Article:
Resources 2021, 10(11), 114; https://0-doi-org.brum.beds.ac.uk/10.3390/resources10110114 - 09 Nov 2021
Viewed by 382
Abstract
Antiretrovirals (ARVs) have been detected in aquatic ecosystems throughout the world; however, studies focused on assessing their ecotoxicological effects on marine aquatic organisms are still rare. In the present study, the predicted environmental concentration (PEC) of 13 ARVs was estimated for [...] Read more.
Antiretrovirals (ARVs) have been detected in aquatic ecosystems throughout the world; however, studies focused on assessing their ecotoxicological effects on marine aquatic organisms are still rare. In the present study, the predicted environmental concentration (PEC) of 13 ARVs was estimated for surface seawater from Santos Bay, Brazil, according to the European Medicines Agency (EMEA) guidelines. The results indicated that all ARVs need to be assessed for their ecological effects, considering that they all exceeded the EMEA guideline limits (PEC > 0.01 µg L−1). In this sense, three ARVs (namely atazanavir, nevirapine and efavirenz) were selected for the acute and chronic tests with sea urchin (Echinometra lucunter). Furthermore, the Environmental Risk Assessment (ERA) for these three ARVs was also performed by calculating the risk quotient. The acute and chronic toxicity results showed inhibitory concentrations (IC) for the fertilization (IC50; 1 h; range: 11.46–84.61 mg L−1) and for the embryo–larval development (IC50; 42 h; range: 0.52–0.97 mg L−1) of the sea urchin, respectively. Moreover, the ERA showed that these three ARVs are potentially hazardous for aquatic life in Santos Bay, raising concerns about the continuous introduction of ARVs in aquatic ecosystems. The data presented may contribute to the provision of subsidies for the development of monitoring public policies that aim to reduce the introduction of ARVs into the aquatic environment. Full article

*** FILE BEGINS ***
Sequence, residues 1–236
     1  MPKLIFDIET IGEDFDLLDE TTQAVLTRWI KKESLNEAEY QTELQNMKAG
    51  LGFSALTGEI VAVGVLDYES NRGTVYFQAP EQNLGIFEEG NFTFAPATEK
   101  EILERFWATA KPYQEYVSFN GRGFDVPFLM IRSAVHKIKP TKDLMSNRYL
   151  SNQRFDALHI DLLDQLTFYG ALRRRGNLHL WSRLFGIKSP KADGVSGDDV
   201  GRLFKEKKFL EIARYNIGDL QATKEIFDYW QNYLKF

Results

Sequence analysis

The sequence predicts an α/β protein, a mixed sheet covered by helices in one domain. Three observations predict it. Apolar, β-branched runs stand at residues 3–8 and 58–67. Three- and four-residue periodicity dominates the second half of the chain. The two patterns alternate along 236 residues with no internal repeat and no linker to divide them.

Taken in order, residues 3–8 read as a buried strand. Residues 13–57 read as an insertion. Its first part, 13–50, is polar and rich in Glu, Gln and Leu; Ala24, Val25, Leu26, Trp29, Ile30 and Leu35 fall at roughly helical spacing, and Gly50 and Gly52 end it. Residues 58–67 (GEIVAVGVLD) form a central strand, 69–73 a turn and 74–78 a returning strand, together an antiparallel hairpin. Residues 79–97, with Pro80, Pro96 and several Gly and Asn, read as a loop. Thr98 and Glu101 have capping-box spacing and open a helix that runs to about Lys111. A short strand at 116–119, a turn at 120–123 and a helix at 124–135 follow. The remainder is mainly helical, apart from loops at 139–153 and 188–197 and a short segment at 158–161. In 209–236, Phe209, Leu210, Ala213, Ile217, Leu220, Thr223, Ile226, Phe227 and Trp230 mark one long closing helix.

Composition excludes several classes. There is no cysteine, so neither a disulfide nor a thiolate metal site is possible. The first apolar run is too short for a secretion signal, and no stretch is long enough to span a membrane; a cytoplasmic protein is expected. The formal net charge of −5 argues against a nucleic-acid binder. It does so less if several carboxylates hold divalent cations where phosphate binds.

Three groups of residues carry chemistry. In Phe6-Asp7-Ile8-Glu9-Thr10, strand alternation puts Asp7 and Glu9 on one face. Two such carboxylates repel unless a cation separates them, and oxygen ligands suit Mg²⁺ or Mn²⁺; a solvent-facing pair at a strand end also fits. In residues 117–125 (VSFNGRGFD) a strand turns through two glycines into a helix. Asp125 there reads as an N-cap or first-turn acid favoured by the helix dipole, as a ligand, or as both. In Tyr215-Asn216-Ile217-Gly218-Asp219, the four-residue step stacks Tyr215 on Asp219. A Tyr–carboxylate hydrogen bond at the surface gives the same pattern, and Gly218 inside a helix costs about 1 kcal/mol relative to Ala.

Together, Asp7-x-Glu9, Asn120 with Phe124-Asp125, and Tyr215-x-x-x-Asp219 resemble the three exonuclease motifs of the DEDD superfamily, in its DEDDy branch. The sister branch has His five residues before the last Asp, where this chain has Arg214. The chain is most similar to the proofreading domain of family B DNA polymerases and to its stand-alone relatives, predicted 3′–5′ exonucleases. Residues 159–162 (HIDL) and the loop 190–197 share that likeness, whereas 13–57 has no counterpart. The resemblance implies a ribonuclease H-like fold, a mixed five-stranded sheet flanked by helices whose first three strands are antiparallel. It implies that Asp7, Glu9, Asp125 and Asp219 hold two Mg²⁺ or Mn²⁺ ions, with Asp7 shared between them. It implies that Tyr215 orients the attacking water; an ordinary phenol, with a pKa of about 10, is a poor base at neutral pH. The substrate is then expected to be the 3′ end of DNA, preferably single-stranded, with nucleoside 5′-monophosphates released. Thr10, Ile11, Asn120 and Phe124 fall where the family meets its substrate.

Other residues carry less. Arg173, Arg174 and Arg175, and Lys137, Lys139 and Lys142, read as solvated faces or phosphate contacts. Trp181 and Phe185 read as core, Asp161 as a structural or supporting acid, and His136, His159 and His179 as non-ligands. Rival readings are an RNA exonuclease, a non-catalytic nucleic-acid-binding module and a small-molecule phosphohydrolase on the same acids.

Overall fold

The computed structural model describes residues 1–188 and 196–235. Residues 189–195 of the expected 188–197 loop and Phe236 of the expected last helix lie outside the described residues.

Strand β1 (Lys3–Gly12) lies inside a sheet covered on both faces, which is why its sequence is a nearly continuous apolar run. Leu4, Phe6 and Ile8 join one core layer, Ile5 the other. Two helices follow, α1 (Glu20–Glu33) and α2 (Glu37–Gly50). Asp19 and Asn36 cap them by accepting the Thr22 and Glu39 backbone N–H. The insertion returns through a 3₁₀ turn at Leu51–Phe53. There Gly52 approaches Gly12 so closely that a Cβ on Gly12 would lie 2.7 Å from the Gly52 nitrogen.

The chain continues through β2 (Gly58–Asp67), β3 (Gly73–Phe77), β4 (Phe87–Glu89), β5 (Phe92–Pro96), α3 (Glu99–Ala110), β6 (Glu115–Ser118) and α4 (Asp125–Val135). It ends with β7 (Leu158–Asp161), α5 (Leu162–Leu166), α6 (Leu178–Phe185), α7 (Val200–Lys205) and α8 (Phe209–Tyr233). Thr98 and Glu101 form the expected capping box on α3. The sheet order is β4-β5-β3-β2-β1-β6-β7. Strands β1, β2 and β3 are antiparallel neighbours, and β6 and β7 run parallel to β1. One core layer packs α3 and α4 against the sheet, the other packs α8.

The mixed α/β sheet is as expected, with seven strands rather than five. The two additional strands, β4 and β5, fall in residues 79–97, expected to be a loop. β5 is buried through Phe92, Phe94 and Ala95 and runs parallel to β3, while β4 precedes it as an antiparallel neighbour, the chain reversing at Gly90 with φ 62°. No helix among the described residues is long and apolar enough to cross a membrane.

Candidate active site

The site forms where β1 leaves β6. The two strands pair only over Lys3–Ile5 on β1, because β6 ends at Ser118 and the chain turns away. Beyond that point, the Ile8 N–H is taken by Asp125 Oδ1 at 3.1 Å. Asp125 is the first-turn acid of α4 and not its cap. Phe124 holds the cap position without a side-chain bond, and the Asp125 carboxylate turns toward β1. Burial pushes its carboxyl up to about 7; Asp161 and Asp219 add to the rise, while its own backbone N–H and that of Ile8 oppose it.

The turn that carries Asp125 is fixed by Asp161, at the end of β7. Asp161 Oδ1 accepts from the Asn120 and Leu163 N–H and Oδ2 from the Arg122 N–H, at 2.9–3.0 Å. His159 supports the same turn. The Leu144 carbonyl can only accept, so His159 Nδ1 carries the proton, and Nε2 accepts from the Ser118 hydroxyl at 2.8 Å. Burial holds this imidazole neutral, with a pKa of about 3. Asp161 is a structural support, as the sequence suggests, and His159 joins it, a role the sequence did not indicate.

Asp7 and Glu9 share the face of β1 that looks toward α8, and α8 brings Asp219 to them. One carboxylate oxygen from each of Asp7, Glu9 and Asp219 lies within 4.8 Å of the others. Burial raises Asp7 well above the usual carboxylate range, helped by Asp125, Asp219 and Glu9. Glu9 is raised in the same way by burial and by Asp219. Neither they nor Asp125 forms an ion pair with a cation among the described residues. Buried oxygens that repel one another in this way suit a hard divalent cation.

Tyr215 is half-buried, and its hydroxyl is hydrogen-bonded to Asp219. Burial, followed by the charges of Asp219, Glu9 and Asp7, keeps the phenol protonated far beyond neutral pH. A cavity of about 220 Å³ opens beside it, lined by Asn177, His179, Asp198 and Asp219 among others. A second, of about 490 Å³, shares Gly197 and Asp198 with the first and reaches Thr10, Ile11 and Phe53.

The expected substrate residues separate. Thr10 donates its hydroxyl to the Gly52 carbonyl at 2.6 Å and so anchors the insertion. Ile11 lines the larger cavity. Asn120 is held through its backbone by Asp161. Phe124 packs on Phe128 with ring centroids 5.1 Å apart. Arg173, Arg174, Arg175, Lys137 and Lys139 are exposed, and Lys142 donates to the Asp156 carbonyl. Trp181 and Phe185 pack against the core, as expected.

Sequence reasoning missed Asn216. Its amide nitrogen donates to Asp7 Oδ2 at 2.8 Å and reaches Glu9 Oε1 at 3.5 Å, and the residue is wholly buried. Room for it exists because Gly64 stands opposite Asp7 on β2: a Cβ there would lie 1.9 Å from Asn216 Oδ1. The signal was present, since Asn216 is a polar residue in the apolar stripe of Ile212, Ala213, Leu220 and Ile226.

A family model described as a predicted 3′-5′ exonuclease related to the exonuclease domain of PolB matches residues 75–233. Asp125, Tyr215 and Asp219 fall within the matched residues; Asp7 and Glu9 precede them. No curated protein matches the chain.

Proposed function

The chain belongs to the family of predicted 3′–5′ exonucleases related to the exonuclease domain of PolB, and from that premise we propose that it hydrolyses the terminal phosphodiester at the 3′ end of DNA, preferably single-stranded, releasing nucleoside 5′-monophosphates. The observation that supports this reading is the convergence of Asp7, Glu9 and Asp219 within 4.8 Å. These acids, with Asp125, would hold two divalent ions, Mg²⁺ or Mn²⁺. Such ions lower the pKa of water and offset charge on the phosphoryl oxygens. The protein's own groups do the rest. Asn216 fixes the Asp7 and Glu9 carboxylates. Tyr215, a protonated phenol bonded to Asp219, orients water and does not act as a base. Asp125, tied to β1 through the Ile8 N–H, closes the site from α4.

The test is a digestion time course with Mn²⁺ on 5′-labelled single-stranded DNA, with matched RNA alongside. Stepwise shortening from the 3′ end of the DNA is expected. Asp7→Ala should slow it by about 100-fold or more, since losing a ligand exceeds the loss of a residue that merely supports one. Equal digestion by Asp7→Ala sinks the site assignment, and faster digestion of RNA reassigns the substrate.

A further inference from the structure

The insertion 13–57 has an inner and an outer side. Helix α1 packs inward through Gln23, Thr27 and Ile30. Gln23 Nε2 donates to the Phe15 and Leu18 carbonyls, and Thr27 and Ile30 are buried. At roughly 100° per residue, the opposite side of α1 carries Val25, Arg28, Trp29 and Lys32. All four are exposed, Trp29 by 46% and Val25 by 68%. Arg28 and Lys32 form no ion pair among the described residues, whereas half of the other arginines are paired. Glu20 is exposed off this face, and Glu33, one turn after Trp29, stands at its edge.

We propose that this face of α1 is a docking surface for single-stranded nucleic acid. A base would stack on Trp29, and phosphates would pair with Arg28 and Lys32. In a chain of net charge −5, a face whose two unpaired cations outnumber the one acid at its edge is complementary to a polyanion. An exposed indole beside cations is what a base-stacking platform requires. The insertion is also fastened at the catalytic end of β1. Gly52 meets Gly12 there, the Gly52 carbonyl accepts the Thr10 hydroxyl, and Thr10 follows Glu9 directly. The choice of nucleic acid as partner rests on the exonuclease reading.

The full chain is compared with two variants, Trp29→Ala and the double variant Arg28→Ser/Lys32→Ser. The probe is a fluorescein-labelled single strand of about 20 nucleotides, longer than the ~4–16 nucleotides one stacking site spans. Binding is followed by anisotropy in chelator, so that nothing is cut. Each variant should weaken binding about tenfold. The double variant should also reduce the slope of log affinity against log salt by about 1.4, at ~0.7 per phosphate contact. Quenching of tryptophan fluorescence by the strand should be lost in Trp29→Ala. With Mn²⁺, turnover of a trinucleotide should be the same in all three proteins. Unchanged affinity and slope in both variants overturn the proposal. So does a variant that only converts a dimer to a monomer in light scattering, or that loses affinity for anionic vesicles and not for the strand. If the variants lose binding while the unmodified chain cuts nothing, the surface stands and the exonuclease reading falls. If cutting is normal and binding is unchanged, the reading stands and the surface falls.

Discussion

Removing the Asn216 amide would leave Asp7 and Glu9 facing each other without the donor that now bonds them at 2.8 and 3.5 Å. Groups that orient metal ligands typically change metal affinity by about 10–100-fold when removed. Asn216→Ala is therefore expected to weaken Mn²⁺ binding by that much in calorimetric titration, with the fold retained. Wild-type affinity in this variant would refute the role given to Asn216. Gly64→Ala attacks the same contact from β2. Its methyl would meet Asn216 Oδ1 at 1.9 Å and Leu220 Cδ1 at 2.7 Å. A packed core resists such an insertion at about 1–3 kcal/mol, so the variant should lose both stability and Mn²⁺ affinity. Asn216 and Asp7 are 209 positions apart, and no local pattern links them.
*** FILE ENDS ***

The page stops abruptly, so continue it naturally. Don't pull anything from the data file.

Article
Geoparks in SE Poland as Areas of Tourism Development: Current State and Future Prospects
Resources 2021, 10(11), 113; https://0-doi-org.brum.beds.ac.uk/10.3390/resources10110113 - 03 Nov 2021
Viewed by 348
Abstract
Geoparks currently form the basis for the development of geotourism and, therefore, proposals of new geoparks are developed in many countries, including Poland, where over 20 locations for geoparks have been proposed so far. Two national geoparks have been established thus far, while [...] Read more.
Geoparks currently form the basis for the development of geotourism and, therefore, proposals of new geoparks are developed in many countries, including Poland, where over 20 locations for geoparks have been proposed so far. Two national geoparks have been established thus far, while another two have received the status of UNESCO Global Geoparks None of them are located in the Carpathian Mountains. Simultaneously south-eastern Poland—the Podkarpackie Province—boasts valuable geoheritage, biotic and cultural assets. In the past, having regard for the geological heritage, several research teams proposed the creation of three geoparks encompassing the existing landscape parks in that area. However, these were proposals based solely on scientific values. The objective of the study was to comprehensively assess their tourism potential, with a particular focus on geoheritage assets. The assessment has made it possible to determine to what extent these assets meet the conditions necessary for the functioning of this type of areas, i.e., the occurrence of diverse tourist assets, well-developed infrastructure and appropriate development potential. The assessment method used is based on 25 indices forming six groups. The analyses have been carried out for districts lying within the proposed geoparks. It has been found that the analysed area has a sufficiently high geoheritage potential that can be the basis for the functioning of two geoparks. The tourist infrastructure—particularly accommodation and catering facilities and geotourist trails—needs to be expanded and improved. It is particularly important to encourage local communities to become involved and engage in business activity within the geopark. Full article